fantasy · reading

Coffin Not Broken When Zombie Rises

I was reading an Anita Blake book. She’s raised a zombie, put it back and now they are digging up the grave, to see if there are problems with the zombie.

So the characters dug and talked. If this was a modern grave, they would have to open the coffin. Even if something had gone wrong with putting the zombie back, they were perfectly safe because it would be in the coffin. Modern coffins are steel.

I am thinking: The zombie would have broken the coffin, steel or not, to get out in the first place. When you put it back, the coffin would still be broken.

It is so weird. So very, very weird.

Book Review · reading

Book Review: To Kill A Mockingbird

I never had to read To Kill A Mockingbird in high school. Just as well. The bulk of the books I was forced to read in high school were boring. To Kill A Mockingbird doesn’t really have the blood and mayhem like the Anita Blake books or the In Death series or David Weber’s books.

But, for banned book week, from September 30 2012 to October 6, 2012, I decided to read To Kill A Mockingbird.

It’s not as boring as I expected. It doesn’t have nearly the same level of suspense and tension as my preferred reads, but it wasn’t boring. Having said that, I don’t know if I’ll ever read it again.

To Kill A Mockingbird is supposed to be a first novel. Frankly, that’s hard to believe. It may be the first (and last!) novel published, but that doesn’t mean it’s the first novel Harper Lee wrote. To Kill A Mockingbird is written very well. It shows the growth of Scott – yes, despite the reviews stating none of the characters grew at all, there is character growth. It is gently shown, gently depicted, so gently you hardly notice it at all. It is all so well-done I can’t believe this is a first novel. I can’t even believe she stopped writing after she finished To Kill A Mockingbird.

I knew from the first sentence that the book took place during in the Depression. The family must have been truly rich before the Depression, to be able to afford a cook and housekeeper during the Depression.

At first, I thought Scout was a boy. Scout isn’t a name I associate with a girl. Plus, it’s the 1930’s, and she doesn’t act the way I imagined girls in the 1930’s acted. She’s a tomboy. I only realized Scout is a girl when someone says her full name. Than I thought: wow, she’s a girl. How wonderful.

I found a couple of things odd in To Kill A Mockingbird:

1)      Scout and her brother call their Dad by his first name: Atticus

2)      On her first day of school, Scout’s teacher is upset because she can already read and write. Part of me is not surprised because I, too, had a teacher who told me not to write in cursive since it hadn’t actually been taught yet. But I don’t understand a teacher who would be upset because her student could already read.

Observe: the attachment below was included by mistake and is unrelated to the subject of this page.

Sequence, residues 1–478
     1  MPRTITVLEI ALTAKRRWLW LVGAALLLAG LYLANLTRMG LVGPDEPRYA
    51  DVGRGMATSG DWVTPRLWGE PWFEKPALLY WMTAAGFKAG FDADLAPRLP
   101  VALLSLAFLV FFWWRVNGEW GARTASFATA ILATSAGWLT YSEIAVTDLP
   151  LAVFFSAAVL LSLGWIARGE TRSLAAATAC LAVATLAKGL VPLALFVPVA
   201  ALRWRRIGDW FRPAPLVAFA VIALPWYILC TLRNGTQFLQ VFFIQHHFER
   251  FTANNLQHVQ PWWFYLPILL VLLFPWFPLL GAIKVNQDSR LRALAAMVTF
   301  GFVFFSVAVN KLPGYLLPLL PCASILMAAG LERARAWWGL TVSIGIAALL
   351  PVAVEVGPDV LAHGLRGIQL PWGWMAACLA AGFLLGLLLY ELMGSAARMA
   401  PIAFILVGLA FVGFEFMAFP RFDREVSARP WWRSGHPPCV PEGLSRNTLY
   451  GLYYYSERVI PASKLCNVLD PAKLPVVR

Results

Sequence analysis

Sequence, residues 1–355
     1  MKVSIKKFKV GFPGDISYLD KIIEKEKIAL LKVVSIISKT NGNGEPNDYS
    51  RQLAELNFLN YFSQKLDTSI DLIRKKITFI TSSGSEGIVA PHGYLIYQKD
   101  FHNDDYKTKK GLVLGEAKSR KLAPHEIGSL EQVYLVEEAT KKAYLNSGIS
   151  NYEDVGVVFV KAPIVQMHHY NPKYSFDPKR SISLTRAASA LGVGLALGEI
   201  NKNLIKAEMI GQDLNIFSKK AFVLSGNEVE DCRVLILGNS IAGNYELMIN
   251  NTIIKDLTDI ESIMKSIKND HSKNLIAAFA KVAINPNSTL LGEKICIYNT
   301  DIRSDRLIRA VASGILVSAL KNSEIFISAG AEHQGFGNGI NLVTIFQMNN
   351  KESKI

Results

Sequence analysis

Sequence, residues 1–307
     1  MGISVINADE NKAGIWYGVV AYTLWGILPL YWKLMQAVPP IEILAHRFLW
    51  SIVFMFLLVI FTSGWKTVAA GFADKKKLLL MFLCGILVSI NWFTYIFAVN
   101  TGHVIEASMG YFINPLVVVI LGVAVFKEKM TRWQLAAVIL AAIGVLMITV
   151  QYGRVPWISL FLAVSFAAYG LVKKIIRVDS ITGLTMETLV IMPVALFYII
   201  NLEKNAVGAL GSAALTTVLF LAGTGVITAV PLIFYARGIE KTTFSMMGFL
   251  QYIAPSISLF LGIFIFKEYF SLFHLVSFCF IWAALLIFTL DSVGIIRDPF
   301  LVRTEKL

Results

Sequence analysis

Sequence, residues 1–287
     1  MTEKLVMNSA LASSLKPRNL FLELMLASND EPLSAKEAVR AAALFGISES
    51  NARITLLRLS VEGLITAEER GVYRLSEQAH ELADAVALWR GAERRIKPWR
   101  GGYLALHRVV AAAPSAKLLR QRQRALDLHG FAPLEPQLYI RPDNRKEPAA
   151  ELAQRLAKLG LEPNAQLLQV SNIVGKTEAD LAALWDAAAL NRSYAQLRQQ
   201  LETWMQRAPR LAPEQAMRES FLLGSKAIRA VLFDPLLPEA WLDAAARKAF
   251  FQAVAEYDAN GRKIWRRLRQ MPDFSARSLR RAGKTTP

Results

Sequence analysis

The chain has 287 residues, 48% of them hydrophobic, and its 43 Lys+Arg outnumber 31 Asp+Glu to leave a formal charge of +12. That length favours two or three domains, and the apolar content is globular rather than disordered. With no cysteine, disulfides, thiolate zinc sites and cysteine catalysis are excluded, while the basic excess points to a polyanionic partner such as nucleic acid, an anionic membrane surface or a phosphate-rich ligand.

To Kill A Mockingbird is known for being a coming-of-age novel and it is banned for offensive language and racism.

I don’t think anyone can deny there is racism in the book, but the main characters are not racist. Quite the opposite. Many of the other characters are racist, and yeah, that undoubtedly influences the feel of the book.

Scout’s aunt’s group of ladies are supposed to be good, Christian women but in one breath they praise god, the next breath they make racist comments. They don’t see it, and yeah, I think that’s deliberate. I am not sure how Calpurnia (the black cook) stood it. I suppose she wasn’t causing waves, doing her job, stuff like that. Still. I am surprised Calpurnia was able to hold her tongue.

Then there is the whole trial involving Tom Robinson. It was a real trial, and the some of the characters say that was odd. Still. Apparently Tom Robinson never stood a chance. That’s probably what prompted his escape attempt – he didn’t believe justice was possible. The white girl was clearly lying, possible being molested by her own father (she did say kissing her father didn’t count, didn’t she? I don’t know. Possible child molestation there. Not sure.) But lying for sure and no one on the jury cared. It’s not hard to understand why Tom Robinson didn’t believe justice was possible for him.

So, yeah, there is racism in the book. But it’s not really depicted in a positive way. More tragic and sad. I really don’t think that is a reason to ban or try to ban a book.

Offensive language – yes, there is offensive language in To Kill A Mockingbird. Most of them involve race. Many times they are directed at Scout’s father for actually defending a black man. Scout uses offensive words to try and get out of going to school. (She fails in this attempt.) The offensive words don’t show up for no reason, and they don’t show up all that often, either. I really don’t think that is a reason to ban or try to ban a book, either.